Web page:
During my junior year in high school I switched from team sports (soccer, basketball, lacrosse) to running. There were many reasons for this change, but one of the main ones was to escape “athletic politics.” I was a prankster who could never sit still with a natural dislike for unmitigated authority. I also had an adolescent disdain of ingratiation.
I have a fond memory of my first soccer practice freshmen year. We were done for the day and putting the equipment back in he shed. I had the bright idea that I wanted to kick a soccer ball as high up in the air as I could. But my drop-kicks were rarely predictable. When I kicked the ball it when flying back behind my head, into the field, and smacked our coach in the face. His glasses and baseball cap both fell off.
“Who the fuck just did that!?” he shouted.
“Ten laps around the field.” I never became his favorite.
With team sports it is often difficult to predict “all-around-skill.” Yes there are the seen factors of points/goals scored. But what about hustle? Getting back on defense? Closing the gaps? Staying on your man? Boxing out? Preventing a pass? Getting a ground ball when everyone else was tired? I was never good at scoring points. I didn’t care that much and usually didn’t have the confidence to take the shot. But I was fast and worked hard.
So I was never a “star player” and didn’t get as much playing time as the guys who scored points. There were a handful of coaches who saw my “hustle merit” and put me in as much as the scorers, but most coaches didn’t care and I often sat on the bench. Of course my teenage mind exaggerated the injustice, but my subsequent success in running and realizations concerning the fallibility and favoritism of high school coaches makes me understand that I often didn’t get as much playing time as I might have “deserved.”
I switched to running because I was tired of sitting on the bench. Here, the game was simple. Run fast: get playing time. Hard work paid off. With basketball, I could practice all summer on my jump shot and have a coach who didn’t like my attitude and never put me in. With running, I could practice all summer and if I was the first one to the finish line, the coach had no choice. I was in.
Now, my competitive running career is (temporarily) over. If I earn enough money from the pen before my youth has withered away, I’d like to take another stab at running sub 1:50 in the 800 meters and sub 4:20 in the mile, but this is unlikely. Literature has taken precedent. Great literature takes years.
Of all occupations, writing is one of the more “just.” You put your work out there and if people like it, they pay for it. It takes a long time to establish a voice and a perspective, but once you have it, nobody can take that away from you. Art keeps many people (including myself) alive. If you can establish a connection with a like-minded audience, then all the circus bullshit of politics becomes minimal.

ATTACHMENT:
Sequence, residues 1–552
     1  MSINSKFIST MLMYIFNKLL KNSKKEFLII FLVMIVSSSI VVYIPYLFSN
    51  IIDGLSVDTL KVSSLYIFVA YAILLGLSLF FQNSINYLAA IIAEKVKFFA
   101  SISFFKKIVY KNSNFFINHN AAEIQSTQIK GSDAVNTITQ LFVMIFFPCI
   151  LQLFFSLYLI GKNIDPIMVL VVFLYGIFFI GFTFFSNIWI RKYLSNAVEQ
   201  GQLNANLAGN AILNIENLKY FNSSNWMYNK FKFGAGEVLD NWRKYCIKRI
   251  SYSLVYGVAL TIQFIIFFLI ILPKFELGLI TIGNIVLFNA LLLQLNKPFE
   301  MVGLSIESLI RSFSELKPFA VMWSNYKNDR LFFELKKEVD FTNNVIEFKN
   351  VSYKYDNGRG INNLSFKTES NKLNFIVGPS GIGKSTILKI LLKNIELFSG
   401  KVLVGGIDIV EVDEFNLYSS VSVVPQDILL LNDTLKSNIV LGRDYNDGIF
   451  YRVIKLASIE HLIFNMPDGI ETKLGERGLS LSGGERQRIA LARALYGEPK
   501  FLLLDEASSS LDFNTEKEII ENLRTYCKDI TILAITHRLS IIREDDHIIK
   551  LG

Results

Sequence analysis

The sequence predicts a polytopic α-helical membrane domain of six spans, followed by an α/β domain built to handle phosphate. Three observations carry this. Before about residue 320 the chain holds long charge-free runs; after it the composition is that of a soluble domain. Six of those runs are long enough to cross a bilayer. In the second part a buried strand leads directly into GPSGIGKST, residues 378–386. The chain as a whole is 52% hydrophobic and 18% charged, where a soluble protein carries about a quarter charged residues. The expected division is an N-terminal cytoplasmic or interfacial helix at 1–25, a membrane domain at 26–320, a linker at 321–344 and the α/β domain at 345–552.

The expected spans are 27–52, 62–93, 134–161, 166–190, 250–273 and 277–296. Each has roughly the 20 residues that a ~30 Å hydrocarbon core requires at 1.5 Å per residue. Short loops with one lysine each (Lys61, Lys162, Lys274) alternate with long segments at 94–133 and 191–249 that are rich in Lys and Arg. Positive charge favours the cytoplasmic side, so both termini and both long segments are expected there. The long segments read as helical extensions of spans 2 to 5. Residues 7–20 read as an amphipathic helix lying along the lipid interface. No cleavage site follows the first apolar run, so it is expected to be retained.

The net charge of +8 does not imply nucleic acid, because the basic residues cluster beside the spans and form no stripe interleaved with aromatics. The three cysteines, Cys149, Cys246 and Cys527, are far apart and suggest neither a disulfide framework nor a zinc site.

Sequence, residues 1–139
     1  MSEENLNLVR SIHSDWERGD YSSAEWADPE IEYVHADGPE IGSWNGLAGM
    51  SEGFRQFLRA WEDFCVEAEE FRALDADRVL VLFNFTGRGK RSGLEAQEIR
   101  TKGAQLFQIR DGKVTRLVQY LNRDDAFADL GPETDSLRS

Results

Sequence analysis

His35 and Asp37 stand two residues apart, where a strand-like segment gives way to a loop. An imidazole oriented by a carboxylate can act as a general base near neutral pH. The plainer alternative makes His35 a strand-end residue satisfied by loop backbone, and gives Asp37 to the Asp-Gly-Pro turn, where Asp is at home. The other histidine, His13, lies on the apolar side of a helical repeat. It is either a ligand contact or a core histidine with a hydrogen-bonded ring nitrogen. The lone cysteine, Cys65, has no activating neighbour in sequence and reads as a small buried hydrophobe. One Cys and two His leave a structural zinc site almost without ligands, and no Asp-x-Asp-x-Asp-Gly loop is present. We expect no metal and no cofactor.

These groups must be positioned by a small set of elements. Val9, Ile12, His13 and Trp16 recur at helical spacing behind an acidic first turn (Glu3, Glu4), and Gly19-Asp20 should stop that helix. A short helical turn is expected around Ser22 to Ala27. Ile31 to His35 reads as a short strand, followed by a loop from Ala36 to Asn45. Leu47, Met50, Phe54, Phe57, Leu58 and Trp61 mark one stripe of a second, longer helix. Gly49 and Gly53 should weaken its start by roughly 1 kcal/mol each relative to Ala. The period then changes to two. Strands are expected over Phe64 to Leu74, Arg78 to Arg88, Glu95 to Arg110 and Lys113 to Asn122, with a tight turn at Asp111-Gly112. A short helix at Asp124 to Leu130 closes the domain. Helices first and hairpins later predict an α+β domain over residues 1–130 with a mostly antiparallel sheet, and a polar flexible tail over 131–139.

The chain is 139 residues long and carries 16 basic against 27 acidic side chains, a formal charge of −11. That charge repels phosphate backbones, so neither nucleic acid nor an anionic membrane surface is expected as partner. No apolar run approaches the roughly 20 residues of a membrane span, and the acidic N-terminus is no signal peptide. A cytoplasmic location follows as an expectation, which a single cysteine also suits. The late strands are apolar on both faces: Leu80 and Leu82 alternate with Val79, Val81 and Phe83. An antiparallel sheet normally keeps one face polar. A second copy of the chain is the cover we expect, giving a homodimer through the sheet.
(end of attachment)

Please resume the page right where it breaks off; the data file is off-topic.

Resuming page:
But again I’m confronted with a similar feeling I had in high school. I’ve written a book and many stories yet I’m still “sitting on the bench.” Perhaps I’m actually a shit writer? Perhaps I should kowtow to the scorers?
Yet, when I go into a Barnes and Noble and read the fiction that’s been recently published, or peruse the NYTimes fiction bestsellers, I think, “Is this really what people are buying and praising? This stuff is boring.”
Whether I’m weird, insane, or strange for criticizing these recently lauded books, there’s a beautiful consolation for the aspiring writer: the words are out there to judge. Hand me a book that’s sold millions of copies or hand me a book that’s written by a Nobel Prize winner…I’ll know whether the author did something great…whether they closed the gaps, got back on defense, and hustled.
The impetus for this post were two pieces I’ve read in the last 24 hours. The first was as essay published in the New Yorker by George Saunders called: “Who are all these Trump Supporters?” It’s one of the most poorly written essays I’ve read in a long time. The subject matter was interesting, but the writing was boring, stuffy, and incompetently erratic. Yet George Saunders is considered one of America’s leading writers and will likely be praised and published in the New Yorker many more times before he dies.
Another piece I read is by Herman Melville called: “The Piazza.” The writing is also erratic, but with purpose, intelligence, and intensity. Melville was considered by the “literary elite” and the reading public at large as a hack writer for most of his life.
So amongst the glowing or scathing reviews, the prizes or lost obscurity, the publications in revered magazines or little blog posts, the six figure books deals or friendly pats on the back, the hemming and hawing, the noise…the words on the page will always be there…they will always reveal an artist’s soul.